Methemoglobin describes the form of hemoglobin (Hb) in which the heme moiety contains iron that has been oxidized from its ferrous (Fe2+) to ferric (Fe3+) state [1,2,3,4,5]. This oxidized Hb is then unable to bind and release oxygen to the tissues. In normal erythrocyte metabolism, methemoglobin is continuously produced and then reduced enzymatically by nicotinamide adenine dinucleotide (NADH) cytochrome B5 reductase , and usually comprises < 1% of total Hb [2,3,4]. Methemoglobinemia occurs when the balance between oxidation and reduction reactions are disrupted, and methemoglobin accumulates to > 3% [4, 5].
The congenital form of MetHb can be caused by an autosomal recessive inheritance of a deficient CYB5R gene but can also be due to hemoglobin variants called HbM [6,7,8,9,10]. HbM are a group of defects due to single amino acid substitutions in the normal globin chain, inherited in an autosomal dominant fashion. In HbM, heme iron is stabilized in the ferric state and resists reduction by the normal enzymatic pathway [1, 2, 11]. These can occur in α, β, and γ globins and thus can affect both fetal and adult hemoglobin. There are several known variants of HbM, including Boston, Fort Ripley, Hyde Park, Iwate, Kankakee, Osaka, and Saskatoon, but the true incidence is not known [12, 13]. Patients with HbM variants usually have MetHb levels in the 30–40% range yet have few symptoms due to physiologic compensation over time .
Hb F-M-Fort Ripley (HBG2: c.227 C > T) is a form of HbM caused by a missense mutation in the gamma chain, causing a histidine residue at codon 92 to be replaced with tyrosine . It is one of six known HbM γ-globin variants associated with neonatal cyanosis [4, 15, 16]. It was first described in a case report by Priest et al. in 1989 , and again by Molchanova et al. in 1992 . It demonstrates autosomal dominant inheritance and incomplete penetrance .
The approach to the neonate with persistent cyanosis without evidence of a cardiac or pulmonary etiology should raise suspicion for methemoglobinemia. Acquired or congenital cases of MetHb that result in deficiency of CYB5R can be treated with methylene blue at a dose of 0.5–2 mg/kg administered intravenously over 5 minutes and repeated after 1 hour if there is insufficient reduction in MetHb [2, 5]. Ascorbic acid is an alternative treatment, utilized in instances where methylene blue is unavailable . Treatment is typically reserved for symptomatic patients with methemoglobin levels > 10% [2, 5, 19]. While treatment with methylene blue is very effective in the setting of acquired or congenital methomoglobinemia, it does carry a risk of severe hemolysis in patients with Glucose-6-Phosphate Dehydrogenase (G6PD) deficiency and therefore warrants a detailed family history to assess for risk of G6PD deficiency, as well as testing for G6PD deficiency in patients anticipated to receive methylene blue . It is not always feasible to obtain G6PD deficiency results prior to initiation of methylene blue treatment, which necessitates close post-treatment monitoring for signs of hemolysis, as this could be life-threatening.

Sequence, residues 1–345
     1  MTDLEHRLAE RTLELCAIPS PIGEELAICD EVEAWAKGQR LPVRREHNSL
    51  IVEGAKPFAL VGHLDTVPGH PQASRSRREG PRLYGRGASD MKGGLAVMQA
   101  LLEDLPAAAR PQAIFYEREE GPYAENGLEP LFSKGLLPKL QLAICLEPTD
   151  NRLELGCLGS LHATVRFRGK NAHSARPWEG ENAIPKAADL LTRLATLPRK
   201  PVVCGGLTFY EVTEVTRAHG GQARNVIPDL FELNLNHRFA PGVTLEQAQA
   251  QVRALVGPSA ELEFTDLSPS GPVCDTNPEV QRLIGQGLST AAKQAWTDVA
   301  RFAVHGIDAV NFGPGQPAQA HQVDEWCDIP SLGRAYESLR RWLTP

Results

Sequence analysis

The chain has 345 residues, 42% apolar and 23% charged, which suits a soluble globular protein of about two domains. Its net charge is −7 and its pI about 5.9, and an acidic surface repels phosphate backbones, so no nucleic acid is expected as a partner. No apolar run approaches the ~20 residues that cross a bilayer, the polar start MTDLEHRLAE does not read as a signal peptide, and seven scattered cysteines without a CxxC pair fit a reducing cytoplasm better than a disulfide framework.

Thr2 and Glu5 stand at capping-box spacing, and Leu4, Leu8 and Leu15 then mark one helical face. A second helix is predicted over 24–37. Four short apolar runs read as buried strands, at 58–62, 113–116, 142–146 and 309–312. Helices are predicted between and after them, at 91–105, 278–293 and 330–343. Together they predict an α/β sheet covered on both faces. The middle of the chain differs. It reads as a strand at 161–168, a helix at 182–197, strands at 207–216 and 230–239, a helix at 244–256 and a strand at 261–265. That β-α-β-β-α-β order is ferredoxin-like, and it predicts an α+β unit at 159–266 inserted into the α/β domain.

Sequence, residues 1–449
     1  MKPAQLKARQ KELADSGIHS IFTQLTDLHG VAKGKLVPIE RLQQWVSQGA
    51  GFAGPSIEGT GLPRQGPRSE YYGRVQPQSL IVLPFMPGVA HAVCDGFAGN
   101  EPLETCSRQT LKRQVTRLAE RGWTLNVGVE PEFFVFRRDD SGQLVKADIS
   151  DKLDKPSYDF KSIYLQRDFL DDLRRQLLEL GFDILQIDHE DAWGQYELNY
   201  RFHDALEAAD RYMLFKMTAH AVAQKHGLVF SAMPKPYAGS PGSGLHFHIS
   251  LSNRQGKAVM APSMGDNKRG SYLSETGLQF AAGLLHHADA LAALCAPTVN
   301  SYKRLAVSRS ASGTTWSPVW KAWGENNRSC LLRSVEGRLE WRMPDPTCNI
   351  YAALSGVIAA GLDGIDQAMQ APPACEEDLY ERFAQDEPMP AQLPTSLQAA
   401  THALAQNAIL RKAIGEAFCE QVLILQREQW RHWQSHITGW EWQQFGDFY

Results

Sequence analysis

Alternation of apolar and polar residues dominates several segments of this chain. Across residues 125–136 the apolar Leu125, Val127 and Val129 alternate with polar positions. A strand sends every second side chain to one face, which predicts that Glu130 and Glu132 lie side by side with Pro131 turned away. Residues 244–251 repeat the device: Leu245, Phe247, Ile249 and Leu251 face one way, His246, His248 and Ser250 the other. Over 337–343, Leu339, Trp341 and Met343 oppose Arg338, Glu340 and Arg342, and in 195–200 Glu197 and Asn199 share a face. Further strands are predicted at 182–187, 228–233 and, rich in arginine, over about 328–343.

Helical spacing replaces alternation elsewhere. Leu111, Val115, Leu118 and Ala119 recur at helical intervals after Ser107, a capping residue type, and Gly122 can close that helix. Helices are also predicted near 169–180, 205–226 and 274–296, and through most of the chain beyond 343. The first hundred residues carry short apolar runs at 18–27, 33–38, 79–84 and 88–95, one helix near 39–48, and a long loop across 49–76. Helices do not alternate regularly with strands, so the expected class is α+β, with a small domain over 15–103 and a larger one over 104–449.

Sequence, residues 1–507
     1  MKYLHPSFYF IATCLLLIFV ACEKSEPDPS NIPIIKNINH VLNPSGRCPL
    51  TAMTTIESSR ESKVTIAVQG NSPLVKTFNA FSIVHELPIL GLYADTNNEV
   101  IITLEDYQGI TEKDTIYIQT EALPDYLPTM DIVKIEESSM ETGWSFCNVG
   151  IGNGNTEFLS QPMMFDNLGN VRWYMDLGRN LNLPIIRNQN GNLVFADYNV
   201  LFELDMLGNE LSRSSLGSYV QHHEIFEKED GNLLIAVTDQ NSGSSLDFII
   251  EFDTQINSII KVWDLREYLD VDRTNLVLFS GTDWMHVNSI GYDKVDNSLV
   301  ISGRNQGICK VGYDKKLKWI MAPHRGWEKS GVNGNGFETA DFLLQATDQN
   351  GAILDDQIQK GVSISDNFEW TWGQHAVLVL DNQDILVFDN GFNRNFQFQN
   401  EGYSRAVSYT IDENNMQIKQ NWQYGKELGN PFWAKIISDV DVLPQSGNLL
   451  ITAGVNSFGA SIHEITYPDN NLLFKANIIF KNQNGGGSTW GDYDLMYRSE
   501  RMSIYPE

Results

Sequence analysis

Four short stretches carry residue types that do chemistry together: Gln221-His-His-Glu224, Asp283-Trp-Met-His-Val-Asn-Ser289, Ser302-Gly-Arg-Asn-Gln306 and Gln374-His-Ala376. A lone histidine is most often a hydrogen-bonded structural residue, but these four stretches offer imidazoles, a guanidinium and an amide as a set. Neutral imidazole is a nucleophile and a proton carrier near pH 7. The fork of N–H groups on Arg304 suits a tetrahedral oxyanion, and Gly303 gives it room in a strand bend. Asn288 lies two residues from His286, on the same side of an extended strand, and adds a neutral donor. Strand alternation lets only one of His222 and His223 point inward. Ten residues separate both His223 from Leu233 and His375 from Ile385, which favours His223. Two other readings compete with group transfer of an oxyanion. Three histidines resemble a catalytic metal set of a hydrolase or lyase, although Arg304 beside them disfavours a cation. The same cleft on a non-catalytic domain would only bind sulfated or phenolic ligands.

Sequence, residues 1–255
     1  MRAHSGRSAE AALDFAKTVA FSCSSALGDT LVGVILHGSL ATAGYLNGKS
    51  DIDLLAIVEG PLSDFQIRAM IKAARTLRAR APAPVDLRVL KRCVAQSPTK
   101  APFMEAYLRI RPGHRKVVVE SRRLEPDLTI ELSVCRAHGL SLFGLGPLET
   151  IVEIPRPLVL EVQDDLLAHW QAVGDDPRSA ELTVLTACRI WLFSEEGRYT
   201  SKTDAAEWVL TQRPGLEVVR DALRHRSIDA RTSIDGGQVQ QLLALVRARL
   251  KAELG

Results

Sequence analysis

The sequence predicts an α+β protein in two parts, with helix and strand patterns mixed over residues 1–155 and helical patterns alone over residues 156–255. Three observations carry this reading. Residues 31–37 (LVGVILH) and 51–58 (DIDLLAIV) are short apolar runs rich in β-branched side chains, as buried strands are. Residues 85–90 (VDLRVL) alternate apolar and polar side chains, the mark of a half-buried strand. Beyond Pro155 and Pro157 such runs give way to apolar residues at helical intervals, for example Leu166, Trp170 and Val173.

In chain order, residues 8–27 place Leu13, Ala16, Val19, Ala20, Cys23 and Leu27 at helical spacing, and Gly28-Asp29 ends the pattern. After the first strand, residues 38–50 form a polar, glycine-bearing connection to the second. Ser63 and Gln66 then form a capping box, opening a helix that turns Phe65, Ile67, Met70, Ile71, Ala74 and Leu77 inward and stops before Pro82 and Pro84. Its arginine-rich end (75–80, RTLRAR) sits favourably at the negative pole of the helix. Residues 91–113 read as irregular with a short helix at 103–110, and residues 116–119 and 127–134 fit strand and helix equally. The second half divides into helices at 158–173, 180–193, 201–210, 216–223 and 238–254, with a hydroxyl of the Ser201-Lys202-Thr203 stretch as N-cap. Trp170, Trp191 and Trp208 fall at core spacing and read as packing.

While rarer, HbM is another congenital form of methemoglobinemia involving mutations in the α, β, and γ globin gene resulting in resistance to reduction by CYB5R. There is substantial variability in initial timing of cyanosis and persistence of cyanosis dictated by the specific globin gene mutated. In patients with mutations to the α globin gene, which is present in the predominant forms of hemoglobin at birth (fetal Hemoglobin F (HbF) [α2γ2) and throughout life (adult Hemoglobin A (HbA) [α2β2]), patients typically present with cyanosis in the neonatal period and can persist throughout life . Patients with mutations in β globin genes typically do not present in the neonatal period, but rather present around 6 months of life as HbA (α2β2) takes over as the predominant form of hemoglobin and can persist throughout life [1,2,3,4,5]. Although mutations in the γ globin gene are more rare, these forms of HbM typically result in transient cyanosis that presents during the initial neonatal period and resolves within the first 6 months of life as fetal hemoglobin declines and is replaced by adult hemoglobin over time; it is not expected to recur [5, 7, 17].